mise en scene
Mise en Scene
  • French
  • Means “placing on the stage” or “in the scene”
  • Refers to how everything within a scene – placing of characters and objects, music, lighting, dialogue - all works together to give a particular view or perception of the scene.

Mise en scène

Crowded room – adds to tight knit nature of the group

Chandelier indicated grandeur & glamour of this world

Paintings also of theatre – everything in their world is theatre


Mise en scène

Majority of people are men – links to Margo leaving to become a wife

Wait staff look on at proceedings fondly – perhaps ex-actors – indicating the waiters are part of this world.


Camera Use: Zoom to close up

Award is focus of evening – reoccurring motif throughout film as what they are trying to achieve.

A symbol of achievement and ambition.


Cutting to complement narration

Displeased reactions to Eve winning and Addison’s smirk indicate there is more to the story

Could pique viewer’s interest


Technique - Pause

Focus on the moment during applause. What she has always wanted.


Zoom to close up

Transition for Karen to take over the story

what do we learn about characters
What do we learn about characters?
  • Insiders: Margo, Bill, Lloyd, Eve
  • Outsiders: Karen (by marriage), Addison (essential, but also later ‘venomous fish wife’), Max (investor)
  • Addison: sarcastic, enjoying the discomfort of others as Eve wins her award
  • Eve is the focus and all characters are somehow linked to her
  • There has been an event that has disjointed characters. They aren’tsupportive of Eve.
what themes are developed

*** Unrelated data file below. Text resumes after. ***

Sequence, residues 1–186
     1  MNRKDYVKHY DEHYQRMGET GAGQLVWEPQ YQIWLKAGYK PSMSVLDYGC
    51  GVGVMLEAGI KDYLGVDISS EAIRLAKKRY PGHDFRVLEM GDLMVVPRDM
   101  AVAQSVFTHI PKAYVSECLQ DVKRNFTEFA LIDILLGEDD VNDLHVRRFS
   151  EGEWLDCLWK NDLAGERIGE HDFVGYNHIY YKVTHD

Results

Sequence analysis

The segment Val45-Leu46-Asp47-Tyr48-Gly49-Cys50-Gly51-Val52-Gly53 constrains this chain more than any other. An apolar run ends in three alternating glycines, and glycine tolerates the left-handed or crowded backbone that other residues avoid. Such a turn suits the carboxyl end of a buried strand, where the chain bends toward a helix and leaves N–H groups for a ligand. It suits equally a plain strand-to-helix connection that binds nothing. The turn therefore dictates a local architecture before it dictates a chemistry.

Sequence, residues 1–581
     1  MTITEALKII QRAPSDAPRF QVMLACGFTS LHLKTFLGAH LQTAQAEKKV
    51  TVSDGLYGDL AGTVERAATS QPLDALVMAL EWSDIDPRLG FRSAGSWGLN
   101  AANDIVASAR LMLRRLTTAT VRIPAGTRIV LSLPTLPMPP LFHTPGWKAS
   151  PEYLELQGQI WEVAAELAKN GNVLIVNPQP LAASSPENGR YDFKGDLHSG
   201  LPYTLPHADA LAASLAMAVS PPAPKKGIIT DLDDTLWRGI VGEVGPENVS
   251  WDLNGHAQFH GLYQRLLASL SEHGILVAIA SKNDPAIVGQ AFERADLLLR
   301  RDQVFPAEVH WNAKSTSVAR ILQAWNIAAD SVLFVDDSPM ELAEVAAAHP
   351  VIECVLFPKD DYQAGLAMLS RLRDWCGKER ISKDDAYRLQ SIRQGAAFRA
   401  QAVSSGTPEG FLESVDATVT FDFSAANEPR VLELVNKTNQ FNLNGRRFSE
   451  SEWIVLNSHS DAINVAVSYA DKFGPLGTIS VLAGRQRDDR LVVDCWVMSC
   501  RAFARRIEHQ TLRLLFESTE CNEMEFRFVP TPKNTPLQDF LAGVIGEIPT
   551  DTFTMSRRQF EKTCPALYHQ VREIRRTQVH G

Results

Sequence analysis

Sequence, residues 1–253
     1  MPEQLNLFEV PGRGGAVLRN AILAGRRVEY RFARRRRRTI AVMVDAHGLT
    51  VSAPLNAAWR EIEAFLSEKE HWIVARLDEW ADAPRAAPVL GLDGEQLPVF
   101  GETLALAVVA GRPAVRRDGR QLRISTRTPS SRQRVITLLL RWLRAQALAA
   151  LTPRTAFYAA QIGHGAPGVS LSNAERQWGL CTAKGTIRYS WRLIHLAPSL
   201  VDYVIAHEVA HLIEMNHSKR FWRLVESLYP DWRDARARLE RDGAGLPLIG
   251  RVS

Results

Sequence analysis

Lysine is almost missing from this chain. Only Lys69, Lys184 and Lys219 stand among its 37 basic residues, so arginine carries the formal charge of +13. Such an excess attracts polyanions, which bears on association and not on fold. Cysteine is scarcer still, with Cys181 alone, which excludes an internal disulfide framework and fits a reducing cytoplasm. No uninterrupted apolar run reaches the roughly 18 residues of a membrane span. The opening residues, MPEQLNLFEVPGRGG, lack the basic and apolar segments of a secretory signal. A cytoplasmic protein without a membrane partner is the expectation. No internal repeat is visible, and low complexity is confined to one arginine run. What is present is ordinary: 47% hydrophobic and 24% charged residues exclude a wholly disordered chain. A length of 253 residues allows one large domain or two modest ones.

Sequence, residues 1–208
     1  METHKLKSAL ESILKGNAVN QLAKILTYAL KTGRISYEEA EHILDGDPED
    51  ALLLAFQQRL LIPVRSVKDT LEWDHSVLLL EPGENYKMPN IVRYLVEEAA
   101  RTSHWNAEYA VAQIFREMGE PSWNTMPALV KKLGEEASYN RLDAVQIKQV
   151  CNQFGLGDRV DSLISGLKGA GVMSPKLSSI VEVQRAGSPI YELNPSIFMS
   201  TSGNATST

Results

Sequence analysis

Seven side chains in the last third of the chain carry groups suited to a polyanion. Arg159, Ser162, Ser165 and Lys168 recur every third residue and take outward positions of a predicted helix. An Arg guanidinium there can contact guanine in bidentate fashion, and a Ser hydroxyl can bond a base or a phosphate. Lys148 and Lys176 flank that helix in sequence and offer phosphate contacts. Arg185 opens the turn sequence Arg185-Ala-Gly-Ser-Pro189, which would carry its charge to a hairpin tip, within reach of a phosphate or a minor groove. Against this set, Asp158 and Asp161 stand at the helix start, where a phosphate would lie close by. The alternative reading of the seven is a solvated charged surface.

What themes are developed?
  • Insiders and Outsiders: those who are in the club
  • Group Identity: Tradition of theatre, important to belong and be part of this group. Everyone wants to join and stay. Surrounded by pictures of actors and actresses of theatre.
  • Stardom vs. Celebrity: Stardom more respected. It’s enduring, whereas celebrity is fickle.
  • Ambition: achieving Sarah Siddons award.
cinematic techniques
Cinematic Techniques
  • Mise en scene
  • Close up
  • Cutting of images
  • Sound – narration, music
  • Pause - for focus
how the viewer is positioned
How the viewer is positioned…
  • Actors/celebrities don’t deserve more recognition than those who write and direct, etcto“constructa tower”
  • Recognise important need of belonging to the theatre world and how exclusive this club is.
  • Recognise traditional and stuffy nature of theatre and how those in it look down upon the flashiness of film industry.
  • Question Eve and her rise to stardom


  • Students will analyse the opening scene to understand the world of the theatre and the characters in All About Eve.


Write two TEEL paragraphs joined by a linking phrase.

E.g. topic sentences:

It is in the opening scene at the Sarah Siddens Award ceremony that the audience learns of the supercilious and traditional nature of the theatre world.

This scene is also used to establish which characters are insiders and which are outsiders.